It’s not an issue on investment. It’s not as if I invest more in a novel. I tend to use the metaphor: writing a comic strip is a sprint compared to running a marathon that is a novel. But that is never meant to apply that one gets a better effort than the other. I’m going to try to bring the best to everything I write. Regardless of whatever it is, I’m going to try to bring my best game. Also, and maybe because of the orbits that move in online, the novel-consuming community where it does not cross over with the comic-consuming community has been in my experience a far more muted one. They tend to be less histrionic, perhaps.
BMB: No, no, I’ve seen that in comics as well. There’s a gigantic part of the online community that is enjoying themselves immensely and doesn’t want to fight about over every goddamn about thing. They don’t have any interest in it at all. They don’t know what it’s about. It’s embarrassing to them and they don’t want to be a part of it. A lot of times these conversations can be dominated by the histrionics.
GR: It’s an issue of volume, whoever gets to be loudest. The Internet sort of being that great mythological equalizer—he who shouts loudest or has the most ratings, their opinion is the most just.
BMB: Exactly. And then there’s the reading comprehension level. And I’m not talking about my work. I’ve seen this with other peoples’ work where I’ve seen something that’s quite lovely and I’ll see somebody respond, Oh, you didn’t understand it.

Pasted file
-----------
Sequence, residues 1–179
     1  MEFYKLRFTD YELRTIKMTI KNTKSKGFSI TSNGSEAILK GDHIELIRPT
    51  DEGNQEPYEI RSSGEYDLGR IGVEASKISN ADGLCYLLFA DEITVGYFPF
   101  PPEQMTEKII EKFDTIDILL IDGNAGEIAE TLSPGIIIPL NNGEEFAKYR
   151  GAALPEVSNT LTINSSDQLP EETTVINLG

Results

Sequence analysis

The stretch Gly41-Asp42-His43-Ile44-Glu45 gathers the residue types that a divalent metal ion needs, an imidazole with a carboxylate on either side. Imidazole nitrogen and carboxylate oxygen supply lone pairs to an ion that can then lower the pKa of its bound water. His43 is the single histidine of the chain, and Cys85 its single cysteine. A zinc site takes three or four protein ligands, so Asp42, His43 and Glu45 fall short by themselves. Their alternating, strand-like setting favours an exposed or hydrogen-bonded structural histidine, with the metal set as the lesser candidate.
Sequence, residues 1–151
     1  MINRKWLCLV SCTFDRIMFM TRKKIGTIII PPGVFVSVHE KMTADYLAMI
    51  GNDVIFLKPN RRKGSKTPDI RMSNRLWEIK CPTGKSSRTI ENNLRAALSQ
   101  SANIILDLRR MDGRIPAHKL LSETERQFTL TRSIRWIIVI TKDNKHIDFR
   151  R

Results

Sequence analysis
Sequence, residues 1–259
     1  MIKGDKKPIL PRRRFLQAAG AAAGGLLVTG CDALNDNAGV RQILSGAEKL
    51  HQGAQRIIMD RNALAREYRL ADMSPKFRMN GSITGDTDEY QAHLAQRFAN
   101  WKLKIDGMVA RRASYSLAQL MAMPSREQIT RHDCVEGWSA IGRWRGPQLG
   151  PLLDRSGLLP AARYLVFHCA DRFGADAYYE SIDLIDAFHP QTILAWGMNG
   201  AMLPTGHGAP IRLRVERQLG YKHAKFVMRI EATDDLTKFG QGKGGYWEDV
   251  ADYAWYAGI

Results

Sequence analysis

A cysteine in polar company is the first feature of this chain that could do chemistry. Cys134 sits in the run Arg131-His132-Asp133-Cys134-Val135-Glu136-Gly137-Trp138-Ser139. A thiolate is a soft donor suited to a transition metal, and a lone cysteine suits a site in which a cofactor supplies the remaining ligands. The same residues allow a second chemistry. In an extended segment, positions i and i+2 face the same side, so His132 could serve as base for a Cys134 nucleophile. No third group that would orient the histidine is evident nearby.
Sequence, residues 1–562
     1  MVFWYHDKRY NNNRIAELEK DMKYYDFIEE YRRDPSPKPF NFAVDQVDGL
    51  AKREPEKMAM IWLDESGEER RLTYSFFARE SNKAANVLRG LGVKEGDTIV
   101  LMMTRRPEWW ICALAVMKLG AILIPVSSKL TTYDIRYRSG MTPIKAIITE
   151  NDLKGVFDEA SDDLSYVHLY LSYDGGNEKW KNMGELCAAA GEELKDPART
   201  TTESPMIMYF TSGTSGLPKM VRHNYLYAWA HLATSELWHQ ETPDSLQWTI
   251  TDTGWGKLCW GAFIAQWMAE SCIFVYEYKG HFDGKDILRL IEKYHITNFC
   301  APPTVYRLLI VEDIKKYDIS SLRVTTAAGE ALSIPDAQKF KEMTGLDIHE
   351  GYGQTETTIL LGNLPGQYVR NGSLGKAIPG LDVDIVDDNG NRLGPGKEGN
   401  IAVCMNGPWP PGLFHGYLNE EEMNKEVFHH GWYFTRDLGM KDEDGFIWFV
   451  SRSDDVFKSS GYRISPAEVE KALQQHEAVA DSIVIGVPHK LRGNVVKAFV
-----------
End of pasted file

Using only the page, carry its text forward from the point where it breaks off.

GR: And it feels like, well, you read something totally different. It’s always interesting to see what the audience brings to any given work at any given time, anyway. I’ve lost count of how many times I’ve been accused with well-constructed arguments for my sexism. And I’m like, that’s not the book I wrote. That’s not the story I wrote.
BMB: You want to see what you want to see because that’s what you want to see.
GR: Well, I’m a liberal arts educated English major, so I know how literary criticism works. I know that you can take the text and you can read the text to be anything you want it to be. People who bring poor critical skills can turn something to be whatever it is. The other thing the Internet has given us is a whole lot of self-appointed critics.
Greg Rucka is the New York Times bestselling author of a dozen novels, including the Atticus Kodiak and Tara Chace series, and has won multiple Eisner awards for his graphic novels. He lives in Portland, Oregon, with his wife and children.
Brian Michael Bendis is an American comic book writer and former artist. He has won critical acclaim (including five Eisner Awards) for his self-published, Image Comics and Marvel Comics work, and is one of the most successful writers working in mainstream comics.
Greg Rucka’s ALPHA is now available in bookstores everywhere.